In the glass, the Château Grand-Puy-Lacoste 2005 has a lustrous, deeply saturated dark garnet color with flashes of crimson at the edge. Aromas of dark plums, crème de cassis, blackthorn, and fading chrysanthemums move in and out of the foreground, sometimes alternating with fresh white tobacco, Perigord truffles, and graphite pencil shavings as the classic Pauillac nose evolves in the glass.
On the palate, the wine has a supple, round fleshy texture, and a dense sweet core of black fruit and fresh berry acidity that dissolves into echoes of the evolving nose, and is infused with cashmere-like tannins that seem to ripple and creep into every part of the mouth. This is a polished, elegant Pauillac to drink now through its anticipated maturity of 2030 – 2055.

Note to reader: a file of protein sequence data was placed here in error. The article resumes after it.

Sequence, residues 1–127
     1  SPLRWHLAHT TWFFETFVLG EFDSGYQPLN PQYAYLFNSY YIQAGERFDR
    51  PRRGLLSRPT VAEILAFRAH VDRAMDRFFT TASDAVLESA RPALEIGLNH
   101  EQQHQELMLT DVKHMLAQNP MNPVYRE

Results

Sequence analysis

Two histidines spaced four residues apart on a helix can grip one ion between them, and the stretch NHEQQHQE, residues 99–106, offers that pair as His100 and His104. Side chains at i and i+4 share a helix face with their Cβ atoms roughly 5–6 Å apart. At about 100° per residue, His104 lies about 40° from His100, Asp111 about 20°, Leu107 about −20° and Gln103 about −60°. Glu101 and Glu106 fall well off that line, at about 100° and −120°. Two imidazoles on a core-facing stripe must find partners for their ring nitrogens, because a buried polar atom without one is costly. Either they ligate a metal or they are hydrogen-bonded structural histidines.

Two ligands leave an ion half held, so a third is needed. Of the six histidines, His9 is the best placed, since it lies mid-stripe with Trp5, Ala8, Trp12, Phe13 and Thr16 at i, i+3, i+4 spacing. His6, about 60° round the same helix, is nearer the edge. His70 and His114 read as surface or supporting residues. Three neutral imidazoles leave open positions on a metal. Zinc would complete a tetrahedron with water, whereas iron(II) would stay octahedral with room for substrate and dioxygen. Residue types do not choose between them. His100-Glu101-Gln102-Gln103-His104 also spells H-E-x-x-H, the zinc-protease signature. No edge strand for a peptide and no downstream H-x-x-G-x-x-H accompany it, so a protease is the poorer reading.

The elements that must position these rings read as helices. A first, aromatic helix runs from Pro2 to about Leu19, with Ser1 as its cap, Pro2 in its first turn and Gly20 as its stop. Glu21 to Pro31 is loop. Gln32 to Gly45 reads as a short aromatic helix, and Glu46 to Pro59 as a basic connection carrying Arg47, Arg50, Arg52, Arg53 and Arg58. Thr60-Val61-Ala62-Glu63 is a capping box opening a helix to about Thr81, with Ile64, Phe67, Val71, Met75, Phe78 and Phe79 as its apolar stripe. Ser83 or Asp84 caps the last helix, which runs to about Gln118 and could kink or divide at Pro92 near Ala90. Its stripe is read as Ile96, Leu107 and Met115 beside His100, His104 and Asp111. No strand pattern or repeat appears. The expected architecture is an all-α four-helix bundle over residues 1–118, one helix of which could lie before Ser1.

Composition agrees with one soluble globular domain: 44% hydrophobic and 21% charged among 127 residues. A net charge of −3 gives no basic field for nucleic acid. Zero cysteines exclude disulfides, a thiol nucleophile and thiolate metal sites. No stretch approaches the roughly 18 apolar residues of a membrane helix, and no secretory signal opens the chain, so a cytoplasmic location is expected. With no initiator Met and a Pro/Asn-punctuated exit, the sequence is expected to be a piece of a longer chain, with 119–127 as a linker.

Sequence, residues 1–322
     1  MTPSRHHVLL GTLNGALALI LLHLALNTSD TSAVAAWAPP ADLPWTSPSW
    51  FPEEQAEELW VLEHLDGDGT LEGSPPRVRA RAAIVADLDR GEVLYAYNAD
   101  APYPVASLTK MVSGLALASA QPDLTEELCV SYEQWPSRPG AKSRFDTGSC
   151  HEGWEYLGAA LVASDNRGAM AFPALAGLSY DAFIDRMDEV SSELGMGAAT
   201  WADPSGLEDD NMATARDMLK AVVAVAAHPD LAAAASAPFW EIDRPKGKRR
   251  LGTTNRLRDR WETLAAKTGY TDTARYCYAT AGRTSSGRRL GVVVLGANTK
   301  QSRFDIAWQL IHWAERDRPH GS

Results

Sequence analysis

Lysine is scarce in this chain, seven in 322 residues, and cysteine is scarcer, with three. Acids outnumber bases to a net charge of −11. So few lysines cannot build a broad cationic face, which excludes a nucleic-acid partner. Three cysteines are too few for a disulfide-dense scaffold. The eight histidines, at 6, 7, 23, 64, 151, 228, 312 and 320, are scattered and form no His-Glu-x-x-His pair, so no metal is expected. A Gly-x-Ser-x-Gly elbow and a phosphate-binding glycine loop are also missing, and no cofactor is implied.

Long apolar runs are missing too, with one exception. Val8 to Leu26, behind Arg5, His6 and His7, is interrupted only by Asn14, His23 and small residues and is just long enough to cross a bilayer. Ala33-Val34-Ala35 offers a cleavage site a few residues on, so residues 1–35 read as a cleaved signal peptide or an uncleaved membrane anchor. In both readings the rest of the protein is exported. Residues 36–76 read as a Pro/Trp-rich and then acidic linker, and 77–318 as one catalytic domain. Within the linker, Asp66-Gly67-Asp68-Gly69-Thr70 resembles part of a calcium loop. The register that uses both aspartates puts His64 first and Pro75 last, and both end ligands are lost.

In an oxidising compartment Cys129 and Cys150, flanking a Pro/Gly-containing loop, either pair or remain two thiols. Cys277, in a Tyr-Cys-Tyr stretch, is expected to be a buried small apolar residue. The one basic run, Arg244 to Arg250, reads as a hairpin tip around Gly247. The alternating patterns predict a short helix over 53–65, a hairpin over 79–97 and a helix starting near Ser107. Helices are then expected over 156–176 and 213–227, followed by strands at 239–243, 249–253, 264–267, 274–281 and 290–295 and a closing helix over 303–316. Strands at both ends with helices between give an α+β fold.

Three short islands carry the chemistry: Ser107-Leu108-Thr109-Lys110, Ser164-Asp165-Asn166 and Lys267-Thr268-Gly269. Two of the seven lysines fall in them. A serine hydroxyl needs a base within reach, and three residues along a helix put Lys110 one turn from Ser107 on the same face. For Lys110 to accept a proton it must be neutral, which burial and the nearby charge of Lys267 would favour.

About this wine producer: If any estate can rival Château Lynch Bages as the most over-achieving Cinquième Grand Cru Classé in Pauillac, it’s François-Xavier Borie’s Château Grand-Puy-Lacoste. The “Grand Puy” in the name refers to the low gravelly hill on which the vineyards lie, and “Lacoste” was added after several name changes through the eighteenth and early nineteenth centuries because of inheritance by daughters. In 1978 the Borie family bought Grand-Puy-Lacoste, and beginning in 2003 under the leadership of François-Xavier, began a renaissance at the property. Only a few kilometers from the town of Pauillac, the vineyards of Chateau Grand-Puy-Lacoste total roughly 36 hectares (90 acres) with Cabernet Sauvignon making up 75% of the total plantings and the rest belonging to Merlot (20%) and Cabernet Franc (5%). Typical of the region, the vineyard consists of a deep gravel top soil on a limestone base. Of interest is that Grand-Puy-Lacoste is one of the only Grand Cru Classés which have not added vineyard area since the Classification of 1855.